The report also revealed that the NNPC undervalued the price of crude liftings resulting in a loss of $3.6bn to government, although that has since been amended and remitted. There were controversial payments for kerosene subsidy to the tune of $3.36bn in contravention of a presidential directive and without appropriation. While it was at that, the corporation found a “clever” way of calculating kerosene subsidy so that it charged marketers for a cost the government was already paying, pocketing $204m for itself. There were also several figures that could not be substantiated: $305.88m claimed to have been spent on pipeline maintenance contracts, $64.8m spent on demurrage and $250m port charges to the Nigerian Ports Authority, all without supporting documents. The case was the same for several other costs, some of them quite laughable.
The Nigerian Petroleum Development Corporation, a subsidiary of the NNPC has also earned a notoriety all its own. It calculates and determines what taxes it owes government, how much it should pay and how much it should keep. It was found that out of $1.85bn expected to be paid for eight licences it bought, NPDC paid only $100m. During the review period, NPDC inflated its payments to the Federal Inland Revenue Service to the tune of $26 million. NPDC virtually frustrated the audit by refusing to cooperate with the auditors. And for that reason, up until now no one (not even PwC) has a clear idea of revenue due to the CRF from NPDC crude liftings and divested multinational assets that it took up as operator, although the report puts the later at $5.1bn.
But in all, it is easy to see from the audit report that spending on subsidy alone accounted for over 43 per cent ($8.7bn) of the “explanation” found by PwC for the allegedly “missing” $20bn. This should, at least, give President Buhari an idea on the direction of needed reforms.
Did the PwC audit go far enough? No, it did not. The scope of the audit was limited to the specific questions posed by former Central Bank Governor Sanusi Lamido Sanusi and therefore covered a definite timeframe of 19 months. But at this point, any effort at investigating the NNPC must go beyond 19 months. That is why the Nasir el-Rufai Committee set up by President Buhari holds more promise as it looks at transactions covering a longer period of eight years.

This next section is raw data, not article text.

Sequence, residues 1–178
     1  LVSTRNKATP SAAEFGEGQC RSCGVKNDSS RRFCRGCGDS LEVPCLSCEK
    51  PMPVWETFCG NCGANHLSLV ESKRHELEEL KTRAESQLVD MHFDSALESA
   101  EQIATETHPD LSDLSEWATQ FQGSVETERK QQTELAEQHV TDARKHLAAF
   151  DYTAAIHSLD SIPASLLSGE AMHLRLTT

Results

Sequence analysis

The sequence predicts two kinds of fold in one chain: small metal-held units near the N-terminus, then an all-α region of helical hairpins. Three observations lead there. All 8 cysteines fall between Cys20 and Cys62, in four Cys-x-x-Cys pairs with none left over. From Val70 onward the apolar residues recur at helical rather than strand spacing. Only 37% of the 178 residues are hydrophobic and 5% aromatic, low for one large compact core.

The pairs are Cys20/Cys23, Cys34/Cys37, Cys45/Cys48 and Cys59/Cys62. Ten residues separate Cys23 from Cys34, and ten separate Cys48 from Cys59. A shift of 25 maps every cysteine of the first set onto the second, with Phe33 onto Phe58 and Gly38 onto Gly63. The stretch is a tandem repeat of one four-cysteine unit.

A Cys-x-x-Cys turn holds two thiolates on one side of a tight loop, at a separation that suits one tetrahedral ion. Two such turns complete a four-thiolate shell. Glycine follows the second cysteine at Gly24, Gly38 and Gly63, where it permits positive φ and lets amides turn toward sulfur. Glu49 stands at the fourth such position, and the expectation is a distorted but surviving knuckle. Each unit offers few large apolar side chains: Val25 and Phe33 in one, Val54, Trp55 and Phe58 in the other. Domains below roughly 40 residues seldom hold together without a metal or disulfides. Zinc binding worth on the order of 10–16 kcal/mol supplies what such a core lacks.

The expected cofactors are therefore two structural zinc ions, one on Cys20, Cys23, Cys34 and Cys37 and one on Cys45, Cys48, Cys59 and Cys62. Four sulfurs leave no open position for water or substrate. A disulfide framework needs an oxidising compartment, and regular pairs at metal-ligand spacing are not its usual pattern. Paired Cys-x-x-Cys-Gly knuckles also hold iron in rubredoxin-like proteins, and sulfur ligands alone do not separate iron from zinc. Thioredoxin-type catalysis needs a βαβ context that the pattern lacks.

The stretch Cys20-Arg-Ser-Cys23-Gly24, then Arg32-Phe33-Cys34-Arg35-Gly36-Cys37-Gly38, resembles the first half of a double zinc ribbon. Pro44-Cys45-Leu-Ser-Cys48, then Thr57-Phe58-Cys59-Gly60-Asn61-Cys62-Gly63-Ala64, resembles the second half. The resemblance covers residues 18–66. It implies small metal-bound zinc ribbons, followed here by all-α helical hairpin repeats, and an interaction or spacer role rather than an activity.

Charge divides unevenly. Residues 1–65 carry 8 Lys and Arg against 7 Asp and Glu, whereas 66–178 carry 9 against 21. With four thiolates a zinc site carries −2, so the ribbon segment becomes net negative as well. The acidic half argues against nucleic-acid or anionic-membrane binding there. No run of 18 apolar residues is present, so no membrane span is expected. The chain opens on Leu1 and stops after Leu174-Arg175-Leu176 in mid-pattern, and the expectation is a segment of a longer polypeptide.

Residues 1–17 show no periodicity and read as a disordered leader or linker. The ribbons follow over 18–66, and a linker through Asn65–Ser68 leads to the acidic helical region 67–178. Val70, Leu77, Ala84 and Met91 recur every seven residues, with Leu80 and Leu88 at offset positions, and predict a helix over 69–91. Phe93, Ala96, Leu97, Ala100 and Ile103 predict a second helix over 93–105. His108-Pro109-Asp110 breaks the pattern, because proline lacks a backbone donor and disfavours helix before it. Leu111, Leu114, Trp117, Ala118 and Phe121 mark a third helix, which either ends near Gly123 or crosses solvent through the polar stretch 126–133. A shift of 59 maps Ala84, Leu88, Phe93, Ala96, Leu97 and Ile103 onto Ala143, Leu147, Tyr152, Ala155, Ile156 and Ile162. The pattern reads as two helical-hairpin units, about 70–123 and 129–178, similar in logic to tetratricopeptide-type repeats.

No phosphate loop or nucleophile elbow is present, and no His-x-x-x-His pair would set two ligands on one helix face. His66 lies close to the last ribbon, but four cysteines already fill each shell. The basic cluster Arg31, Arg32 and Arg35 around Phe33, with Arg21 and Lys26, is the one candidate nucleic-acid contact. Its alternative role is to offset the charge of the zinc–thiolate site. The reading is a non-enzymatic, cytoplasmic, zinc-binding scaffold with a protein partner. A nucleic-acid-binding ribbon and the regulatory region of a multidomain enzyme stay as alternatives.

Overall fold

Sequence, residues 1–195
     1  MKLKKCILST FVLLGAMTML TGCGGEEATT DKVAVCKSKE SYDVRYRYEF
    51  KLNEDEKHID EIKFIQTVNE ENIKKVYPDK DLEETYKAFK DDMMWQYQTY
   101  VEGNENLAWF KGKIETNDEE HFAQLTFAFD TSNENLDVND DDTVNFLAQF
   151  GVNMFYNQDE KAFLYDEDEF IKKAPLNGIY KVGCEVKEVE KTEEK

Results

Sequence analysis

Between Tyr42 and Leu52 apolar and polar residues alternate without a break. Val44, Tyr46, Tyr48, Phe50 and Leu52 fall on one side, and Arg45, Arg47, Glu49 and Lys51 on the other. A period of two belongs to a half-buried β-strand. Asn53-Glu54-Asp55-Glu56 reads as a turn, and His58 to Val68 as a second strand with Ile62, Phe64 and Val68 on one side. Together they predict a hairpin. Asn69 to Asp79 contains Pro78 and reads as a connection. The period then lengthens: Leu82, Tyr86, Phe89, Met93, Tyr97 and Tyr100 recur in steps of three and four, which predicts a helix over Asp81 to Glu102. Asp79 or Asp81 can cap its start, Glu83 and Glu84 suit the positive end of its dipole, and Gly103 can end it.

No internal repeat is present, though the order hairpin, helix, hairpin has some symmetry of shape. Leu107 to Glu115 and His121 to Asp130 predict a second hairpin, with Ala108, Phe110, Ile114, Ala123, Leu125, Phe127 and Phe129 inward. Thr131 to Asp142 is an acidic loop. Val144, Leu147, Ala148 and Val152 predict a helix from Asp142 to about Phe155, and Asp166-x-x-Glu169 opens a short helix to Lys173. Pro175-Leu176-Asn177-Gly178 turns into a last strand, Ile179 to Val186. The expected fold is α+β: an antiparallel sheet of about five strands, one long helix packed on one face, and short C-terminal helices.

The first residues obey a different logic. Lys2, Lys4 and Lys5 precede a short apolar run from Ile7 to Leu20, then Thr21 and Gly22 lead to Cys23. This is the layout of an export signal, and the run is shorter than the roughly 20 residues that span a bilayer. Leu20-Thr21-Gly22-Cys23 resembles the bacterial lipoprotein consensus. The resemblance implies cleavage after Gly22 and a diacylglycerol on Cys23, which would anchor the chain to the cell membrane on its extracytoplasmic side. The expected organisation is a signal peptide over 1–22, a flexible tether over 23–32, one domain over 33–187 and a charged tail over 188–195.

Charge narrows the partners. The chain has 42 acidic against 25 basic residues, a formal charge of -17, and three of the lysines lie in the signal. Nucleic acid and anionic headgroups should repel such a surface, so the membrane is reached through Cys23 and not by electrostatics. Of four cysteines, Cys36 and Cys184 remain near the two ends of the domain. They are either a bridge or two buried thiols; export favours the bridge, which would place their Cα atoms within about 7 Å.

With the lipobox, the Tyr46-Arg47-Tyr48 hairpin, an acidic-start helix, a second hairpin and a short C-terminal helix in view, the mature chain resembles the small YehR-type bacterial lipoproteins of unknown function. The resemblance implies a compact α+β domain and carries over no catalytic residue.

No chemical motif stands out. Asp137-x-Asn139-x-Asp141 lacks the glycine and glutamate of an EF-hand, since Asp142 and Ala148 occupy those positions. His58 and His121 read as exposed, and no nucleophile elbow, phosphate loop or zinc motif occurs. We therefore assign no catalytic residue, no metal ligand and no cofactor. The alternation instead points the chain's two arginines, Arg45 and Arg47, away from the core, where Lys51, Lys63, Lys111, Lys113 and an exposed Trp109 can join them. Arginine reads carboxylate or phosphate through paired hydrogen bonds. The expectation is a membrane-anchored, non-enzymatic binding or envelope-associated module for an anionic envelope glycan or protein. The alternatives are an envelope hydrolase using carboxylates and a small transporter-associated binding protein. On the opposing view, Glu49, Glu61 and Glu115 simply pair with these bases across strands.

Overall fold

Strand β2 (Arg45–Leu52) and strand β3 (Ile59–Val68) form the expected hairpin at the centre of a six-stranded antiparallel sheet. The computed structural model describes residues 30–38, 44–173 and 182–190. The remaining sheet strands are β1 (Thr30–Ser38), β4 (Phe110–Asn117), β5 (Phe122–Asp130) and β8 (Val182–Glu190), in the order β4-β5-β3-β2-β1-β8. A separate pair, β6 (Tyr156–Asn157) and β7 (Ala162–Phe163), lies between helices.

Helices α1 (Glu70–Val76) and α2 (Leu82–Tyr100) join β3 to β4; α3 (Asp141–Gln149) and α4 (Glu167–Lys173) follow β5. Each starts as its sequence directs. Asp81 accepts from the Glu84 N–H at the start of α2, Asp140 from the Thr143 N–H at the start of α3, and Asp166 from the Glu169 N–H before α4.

Mr. President has to revisit the recommendations of the PwC report and the series of NEITI reports before it, among others. These recommendations have included the need to restructure the NNPC, review the NNPC Act and discontinue its “unsustainable model” which has it spending 46 per cent of domestic crude proceeds on operations and subsidies. They have also included strengthening the NNPC’s very weak accounting and reconciliation systems and the passage of the Petroleum Industry Bill.
With President Buhari’s scrapping of the Board of the NNPC and his declaration that the NNPC should henceforth pay its revenues directly into the CRF, it appears we can finally look forward to some real action in the days ahead.
But in my view, the biggest test of Mr. President’s commitment to “reforming the unreformable” will be in how he responds to the call for withdrawal of the PIB made recently by his party. The PIB may not be a silver bullet, but it remains, to date, the single most comprehensive and workable proposal at reforming Nigeria’s oil and gas sector, including its biggest headache, the NNPC. Will he will heed the voice of reform, or will political considerations take the day? We can only wait to see.
Bolton-Akpan, Head of Programmes, Policy Alert, Uyo, wrote in firstname.lastname@example.org. Article published originally in the PUNCH.